It’s not austerity
The word “austerity” is much in vogue these days. While it’s particularly evident in the so-called “peripheral” countries of the European Union, it’s also very firmly entrenched in Germany and the “core” as well where wages have been stagnant for two decades now. Declining benefits, stagnant wages, and high un/under employment are endemic, not just in the EU of course, but in the United States and throughout the “first world”. Wages in the “developing” countries may have improved at a somewhat higher rate, but the overbearing reality of “BRIC” like states is massive poverty and inequality.
Austerity then seems to be the law of the land. But there’s something highly unsatisfactory about the word. According to the dictionary, austerity – the state of being austere – normally refers to either an inherent condition of something or a self imposed quality. Definitions of austere include “severe or stern in disposition” as in an austere minister; or “without luxuries or unnecessary expenditure” as in an austere way of life; or “practicing great self-denial”.
What’s happening in the world, though, isn’t at all an outcome of some aesthetic of self denial. It’s a totally undemocratic imposition of hardships by a small class of elites on major fractions of subjected populations. It’s the power of business, the oligarchy, capital, finance, the bourgeoisie, civil society, call it what you will, to subjugate populations into serving their goals. And those elite goals aren’t remotely ones of austerity as we can quite easily see by a glance at their penthouse apartments, estates, yachts, jets, luxury cars, servants, exclusive clubs, fine wines, etc, etc, etc.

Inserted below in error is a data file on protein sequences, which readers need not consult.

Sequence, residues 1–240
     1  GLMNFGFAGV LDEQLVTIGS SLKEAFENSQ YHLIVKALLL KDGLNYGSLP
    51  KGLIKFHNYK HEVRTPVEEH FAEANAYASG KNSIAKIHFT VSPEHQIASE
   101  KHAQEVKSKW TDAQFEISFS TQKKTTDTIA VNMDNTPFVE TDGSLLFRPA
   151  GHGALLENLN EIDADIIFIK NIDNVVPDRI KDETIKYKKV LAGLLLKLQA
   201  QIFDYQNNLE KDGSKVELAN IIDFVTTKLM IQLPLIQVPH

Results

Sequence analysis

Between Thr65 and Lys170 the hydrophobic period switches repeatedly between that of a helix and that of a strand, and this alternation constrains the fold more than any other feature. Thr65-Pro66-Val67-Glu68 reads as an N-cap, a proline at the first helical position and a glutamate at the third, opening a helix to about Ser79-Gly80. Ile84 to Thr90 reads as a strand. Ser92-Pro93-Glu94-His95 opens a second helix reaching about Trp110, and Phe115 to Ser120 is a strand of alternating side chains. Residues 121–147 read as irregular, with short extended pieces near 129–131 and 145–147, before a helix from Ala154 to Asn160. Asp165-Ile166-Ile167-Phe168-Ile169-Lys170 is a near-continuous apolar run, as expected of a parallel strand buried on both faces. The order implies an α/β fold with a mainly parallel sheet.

Let’s then choose a different explanatory word for what’s happening – how about “oppression”? We can reasonably measure its level, I think, by comparing the actual living standards and economic security of a population to its productive potential. If we do so, we’re left with the inescapable conclusion that we live in one of the most oppressive societies which has ever existed. The spread between the potential and the real has rarely been higher. People have certainly lived worse in many places in the past, but their productive capacity was far less. Today there is absolutely no “economic” reason for anyone to live unhealthy, insecure lives or even, for that matter, to have to work particularly hard. Our productive capacity is that advanced and, as JK Galbraith well noted many decades ago in his “Affluent Society”, the problem has been solved. Despite this, populations everywhere are outrageously being oppressed into accepting menial living standards, near or actual poverty, inadequate housing, inadequate nutrition, inadequate health care, grossly limited leisure time, polluted environments, delayed and insecure retirements, and so on, and so on. All while the elites live in corrupt splendor. “Austerity”, with its implication of self denial, doesn’t describe this world; “oppression” clearly does.